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Are new centres of power a good idea? People in Ghana’s Oti region are divided on the issue

Aerial view of the Volta region border
The carving of the Volta region into two was met with resistance. Felix Krohn/Flickr, CC BY-NC-SA

Governments often pursue strategies to establish regional centres of power in an effort to decentralise and bring the state closer to the governed.

This is true in Ghana. The country has undergone a number of regional reorganisations. These happened in 1956, 1957 and 1983. Another took place in 2018 which led to the creation of six more administrative regions. This initiative was preceded by public upheavals, civil unrest, and a move by a segment of the people to declare a part of Ghana as an independent state.

Ghana now has a total number of 16 regions. The designation of an area as a region signals that the allocation of state resources will increase. New structures include the creation of a coordinating council to administer the region. There is also the siting of a larger police command and a regional hospital.

I conducted research to examine the implications of the reorganisation on socio-economic development among the people of Oti Region in Ghana. The Oti Region was carved out from the Volta Region in 2018.

I selected the Oti Region because it’s relatively new.

The main motive of the study was to understand the expectations and experience of the people of Oti in relation to the regional reorganisation. In particular, I wanted to establish if there was a link between the regional reorganisation and socio-economic development.

My findings showed that people’s views varied on whether regionalisation can help development in the local communities. Some were very supportive; others were not.

Some, mostly from the Volta region, said they believed it was politically motivated. Others acknowledged that it could help development in the area.

I concluded from my research that the history of creating new administrative regions in Ghana – and the lack of development that followed – has led to people having doubts about the need to create new ones. The study recommended that in future the government should ensure that resources and development are fairly distributed across all regions.

History of regional reorganisation

Pre-independence Ghana had only three regions — the Gold Coast Colony, the Ashanti Territory and the Northern Province. After a referendum in 1956 the Trans-Volta Togoland was added to the three regions.

In 1957 the Colony of Gold Coast was reorganised into Eastern, Western and Volta regions. Then the Brong Ahafo Region was carved out from the Ashanti Territory, the Upper Region was carved out from the Northern Territory, the Central Region carved out from the Western Region and Greater Accra carved out from the Eastern Region.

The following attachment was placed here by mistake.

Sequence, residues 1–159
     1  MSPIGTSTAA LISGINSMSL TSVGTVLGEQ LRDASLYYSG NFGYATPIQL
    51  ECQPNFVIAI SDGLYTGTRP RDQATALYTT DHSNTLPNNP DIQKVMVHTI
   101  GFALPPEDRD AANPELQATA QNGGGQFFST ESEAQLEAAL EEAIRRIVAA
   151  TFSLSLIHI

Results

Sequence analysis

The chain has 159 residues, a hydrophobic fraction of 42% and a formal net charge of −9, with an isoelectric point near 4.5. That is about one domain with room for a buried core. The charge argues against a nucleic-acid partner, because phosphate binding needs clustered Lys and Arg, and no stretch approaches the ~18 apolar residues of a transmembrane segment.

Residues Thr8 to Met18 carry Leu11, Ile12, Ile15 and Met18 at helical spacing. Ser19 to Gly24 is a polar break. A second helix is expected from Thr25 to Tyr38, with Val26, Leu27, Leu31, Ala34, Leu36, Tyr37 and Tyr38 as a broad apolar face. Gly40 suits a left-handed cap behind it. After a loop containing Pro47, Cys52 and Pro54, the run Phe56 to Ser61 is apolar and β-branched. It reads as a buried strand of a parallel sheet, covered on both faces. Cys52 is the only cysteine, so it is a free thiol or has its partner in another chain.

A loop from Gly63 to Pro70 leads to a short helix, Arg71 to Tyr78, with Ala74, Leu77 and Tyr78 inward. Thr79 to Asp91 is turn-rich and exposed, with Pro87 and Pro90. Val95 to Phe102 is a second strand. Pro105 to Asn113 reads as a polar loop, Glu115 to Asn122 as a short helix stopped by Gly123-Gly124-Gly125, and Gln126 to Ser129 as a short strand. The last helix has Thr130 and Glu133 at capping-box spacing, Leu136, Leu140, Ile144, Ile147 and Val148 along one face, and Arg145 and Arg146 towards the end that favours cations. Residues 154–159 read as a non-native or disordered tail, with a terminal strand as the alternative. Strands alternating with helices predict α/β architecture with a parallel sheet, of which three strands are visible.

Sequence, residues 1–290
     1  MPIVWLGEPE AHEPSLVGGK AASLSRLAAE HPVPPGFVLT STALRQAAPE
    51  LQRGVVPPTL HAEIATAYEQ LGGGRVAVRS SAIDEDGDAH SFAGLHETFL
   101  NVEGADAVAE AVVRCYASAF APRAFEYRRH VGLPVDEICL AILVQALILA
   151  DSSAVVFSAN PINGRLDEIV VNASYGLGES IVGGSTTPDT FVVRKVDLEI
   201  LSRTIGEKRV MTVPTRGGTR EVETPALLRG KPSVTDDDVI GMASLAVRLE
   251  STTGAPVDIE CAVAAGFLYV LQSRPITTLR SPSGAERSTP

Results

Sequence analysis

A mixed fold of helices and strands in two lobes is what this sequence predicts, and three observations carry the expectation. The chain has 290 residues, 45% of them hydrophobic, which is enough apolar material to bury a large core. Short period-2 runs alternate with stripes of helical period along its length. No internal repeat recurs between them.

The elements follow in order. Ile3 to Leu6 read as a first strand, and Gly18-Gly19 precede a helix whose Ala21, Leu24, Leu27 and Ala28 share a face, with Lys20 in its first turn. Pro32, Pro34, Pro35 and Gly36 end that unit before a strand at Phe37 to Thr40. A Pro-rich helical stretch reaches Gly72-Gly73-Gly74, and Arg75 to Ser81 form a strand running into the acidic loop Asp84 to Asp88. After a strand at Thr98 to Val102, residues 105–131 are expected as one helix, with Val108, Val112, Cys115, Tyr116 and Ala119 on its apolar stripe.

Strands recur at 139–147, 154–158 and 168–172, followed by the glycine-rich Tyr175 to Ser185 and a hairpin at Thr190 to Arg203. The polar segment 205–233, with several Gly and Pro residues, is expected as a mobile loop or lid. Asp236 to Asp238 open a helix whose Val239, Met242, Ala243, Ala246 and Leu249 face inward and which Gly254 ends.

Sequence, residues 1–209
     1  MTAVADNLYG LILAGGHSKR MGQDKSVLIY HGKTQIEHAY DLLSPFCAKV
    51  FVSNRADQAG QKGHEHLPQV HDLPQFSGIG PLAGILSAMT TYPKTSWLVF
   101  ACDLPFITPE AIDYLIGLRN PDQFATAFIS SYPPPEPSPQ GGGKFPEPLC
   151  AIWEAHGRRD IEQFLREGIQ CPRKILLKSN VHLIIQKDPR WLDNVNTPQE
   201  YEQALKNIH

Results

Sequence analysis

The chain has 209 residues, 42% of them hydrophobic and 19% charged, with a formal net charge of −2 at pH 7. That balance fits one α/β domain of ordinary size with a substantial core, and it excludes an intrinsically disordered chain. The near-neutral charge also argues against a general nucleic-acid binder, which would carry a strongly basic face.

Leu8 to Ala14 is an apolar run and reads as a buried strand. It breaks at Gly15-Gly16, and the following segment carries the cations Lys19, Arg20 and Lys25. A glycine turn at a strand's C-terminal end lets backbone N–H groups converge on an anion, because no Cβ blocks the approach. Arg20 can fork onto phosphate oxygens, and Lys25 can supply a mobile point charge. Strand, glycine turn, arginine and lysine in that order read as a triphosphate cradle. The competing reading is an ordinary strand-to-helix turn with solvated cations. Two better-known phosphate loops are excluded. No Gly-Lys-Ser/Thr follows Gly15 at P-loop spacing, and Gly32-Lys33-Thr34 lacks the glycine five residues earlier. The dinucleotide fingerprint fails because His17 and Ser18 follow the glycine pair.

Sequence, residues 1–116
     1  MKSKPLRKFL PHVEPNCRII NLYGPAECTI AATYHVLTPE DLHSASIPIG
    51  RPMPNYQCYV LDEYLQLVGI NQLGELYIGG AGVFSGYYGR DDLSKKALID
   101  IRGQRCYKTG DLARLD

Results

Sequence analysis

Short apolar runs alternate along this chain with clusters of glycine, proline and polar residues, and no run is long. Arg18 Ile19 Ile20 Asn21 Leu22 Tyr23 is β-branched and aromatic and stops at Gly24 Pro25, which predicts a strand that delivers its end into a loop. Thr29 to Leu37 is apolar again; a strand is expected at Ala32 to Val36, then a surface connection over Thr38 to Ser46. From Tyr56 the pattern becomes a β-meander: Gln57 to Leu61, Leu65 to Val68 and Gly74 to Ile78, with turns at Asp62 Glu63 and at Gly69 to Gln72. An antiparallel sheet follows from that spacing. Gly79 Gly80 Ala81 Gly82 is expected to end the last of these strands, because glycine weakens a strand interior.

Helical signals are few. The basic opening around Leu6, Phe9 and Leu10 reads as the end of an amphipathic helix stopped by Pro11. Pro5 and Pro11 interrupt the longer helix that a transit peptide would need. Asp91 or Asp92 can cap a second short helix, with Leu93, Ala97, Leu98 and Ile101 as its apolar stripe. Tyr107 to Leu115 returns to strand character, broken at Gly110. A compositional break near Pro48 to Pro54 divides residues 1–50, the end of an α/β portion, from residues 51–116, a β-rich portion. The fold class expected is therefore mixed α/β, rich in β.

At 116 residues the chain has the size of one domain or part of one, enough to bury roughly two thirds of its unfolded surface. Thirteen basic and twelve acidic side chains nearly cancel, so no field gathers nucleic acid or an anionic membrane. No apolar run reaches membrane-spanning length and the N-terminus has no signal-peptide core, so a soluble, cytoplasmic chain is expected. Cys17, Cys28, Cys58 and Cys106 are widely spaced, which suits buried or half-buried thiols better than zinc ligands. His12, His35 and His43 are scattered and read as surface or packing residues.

Finally, the Upper Region was reorganised into the Upper East and Upper West Regions in 1983.

There were no further creations until December 28, 2018 when six additional administrative regions were created, bringing the total to 16.

The prudence of creating regions has been debated by different scholars. Those in favour argue that regional administrations can meet the specific needs of a growing population, protect minority ethnic or group interests and ensure development that can tangibly be felt within a geographical polity.

Mixed reactions

I selected 35 people between the ages 40 and 50 years in communities in the Oti Region. They were interviewed based on their willingness and availability. Twenty-five were men, and 10 women. Their current and former occupations included education, dressmaking, farming, petty trading, fish mongering, driving, nursing, carpentry and painting.

Those in favour of the decision to create the Oti Region said they believed the decision would minimise conflicts of interest between the governed and the government. They said they believed that when the government moved closer to the governed, their needs become closer to the government.

A cross-section of the participants said the creation of the new region would mean increased funding for the area. This is because the geographical demarcations of Oti Region have absorbed other areas. The funding set aside by these could therefore be channelled into developing the Oti Region.

The benefits of the increased funding include regional hospitals, police stations and markets.

People felt that quality education, rapid infrastructure development and the rich culture of the people of Oti could soon be used to the advantage of the people in the region.

Some respondents were opposed to the decision.

They argued that the creation of the new regions was politically motivated. They pointed to the fact that there had been very little development in the Upper East and West regions, which had some of the poorest in Ghana.

Others pointed out that Oti Region did not have any resources. This is contrary to the findings of an analysis done by the government as part of its argument to create the region. It concluded that there was substantial demand in the proposed areas.

Lastly, respondents said the appointment of administrative heads by the central government was inconvenient: it curtailed their independence and slowed local development.


It is clear that the way in which regionalisation has been carried out in Ghana has led to people having doubts about the need to create new regions.

The study recommends that government should ensure that resources and development are fairly distributed across all regions to give people hope.

Local government heads should be elected by residents of the administrative space rather than appointed by the president, to ensure effective local accountability.

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